• How long will it take for my gossip to get back to me?

A cycle is a path where the last vertex is adjacent to the first. A cycle in which no vertex repeats (such as 1-2-3-1 verus 1-2-3-2-1) is said to be simple. The shortest cycle in the graph defines its girth, while a simple cycle which passes through each vertex is said to be a Hamiltonian cycle.

Data Structures for Graphs

There are two main data structures used to represent graphs.

Adjacency MatricesAn adjacency matrix is an matrix, where M[i,j] = 0 iff there is no edge from vertex i to vertex j

It takes time to test if (i,j) is in a graph represented by an adjacency matrix.

Can we save space if (1) the graph is undirected? (2) if the graph is sparse?

Adjacency ListsAn adjacency list consists of a array of pointers, where the ith element points to a linked list of the edges incident on vertex i.

To test if edge (i,j) is in the graph, we search the ith list for j, which takes , where is the degree of the ith vertex.

Note that can be much less than n when the graph is sparse. If necessary, the two copies of each edge can be linked by a pointer to facilitate deletions.

Both representations are very useful and have different properties, although adjacency lists are probably better for most problems.

Traversing a Graph

One of the most fundamental graph problems is to traverse every edge and vertex in a graph. Applications include:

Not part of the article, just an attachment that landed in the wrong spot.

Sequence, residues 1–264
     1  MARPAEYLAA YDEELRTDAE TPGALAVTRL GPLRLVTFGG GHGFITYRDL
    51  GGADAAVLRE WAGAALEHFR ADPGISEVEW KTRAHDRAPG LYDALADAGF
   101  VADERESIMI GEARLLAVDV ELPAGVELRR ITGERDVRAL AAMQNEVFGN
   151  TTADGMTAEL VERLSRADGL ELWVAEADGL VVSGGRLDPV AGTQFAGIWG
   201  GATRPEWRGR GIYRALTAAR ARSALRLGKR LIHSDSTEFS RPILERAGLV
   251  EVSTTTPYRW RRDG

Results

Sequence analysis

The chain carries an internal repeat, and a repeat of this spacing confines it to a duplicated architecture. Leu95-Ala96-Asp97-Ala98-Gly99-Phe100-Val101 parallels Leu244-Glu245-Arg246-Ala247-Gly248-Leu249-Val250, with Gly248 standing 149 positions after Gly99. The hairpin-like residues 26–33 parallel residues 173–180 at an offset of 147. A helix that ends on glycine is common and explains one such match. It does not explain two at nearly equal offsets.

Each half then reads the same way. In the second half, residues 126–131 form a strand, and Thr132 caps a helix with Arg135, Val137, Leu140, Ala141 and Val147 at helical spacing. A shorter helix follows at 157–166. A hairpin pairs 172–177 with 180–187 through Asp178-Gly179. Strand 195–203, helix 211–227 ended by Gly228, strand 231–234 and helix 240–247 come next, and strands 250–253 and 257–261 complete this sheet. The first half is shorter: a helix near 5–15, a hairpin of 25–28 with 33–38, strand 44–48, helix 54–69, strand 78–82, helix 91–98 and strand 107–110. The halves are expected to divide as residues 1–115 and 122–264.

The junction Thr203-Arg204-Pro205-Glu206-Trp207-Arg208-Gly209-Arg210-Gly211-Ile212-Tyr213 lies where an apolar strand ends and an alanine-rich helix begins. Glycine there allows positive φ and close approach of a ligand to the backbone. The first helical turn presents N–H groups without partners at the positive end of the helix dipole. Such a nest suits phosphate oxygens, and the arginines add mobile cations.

• Printing out the contents of each edge and vertex.
• Counting the number of edges.
• Identifying connected components of a graph.

For efficiency, we must make sure we visit each edge at most twice.

For correctness, we must do the traversal in a systematic way so that we don't miss anything.

Since a maze is just a graph, such an algorithm must be powerful enough to enable us to get out of an arbitrary maze.

Marking Vertices

The idea in graph traversal is that we must mark each vertex when we first visit it, and keep track of what have not yet completely explored.

For each vertex, we can maintain two flags:

• discovered - have we ever encountered this vertex before?
• completely-explored - have we finished exploring this vertex yet?

We must also maintain a structure containing all the vertices we have discovered but not yet completely explored.

Initially, only a single start vertex is considered to be discovered.

To completely explore a vertex, we look at each edge going out of it. For each edge which goes to an undiscovered vertex, we mark it discovered and add it to the list of work to do.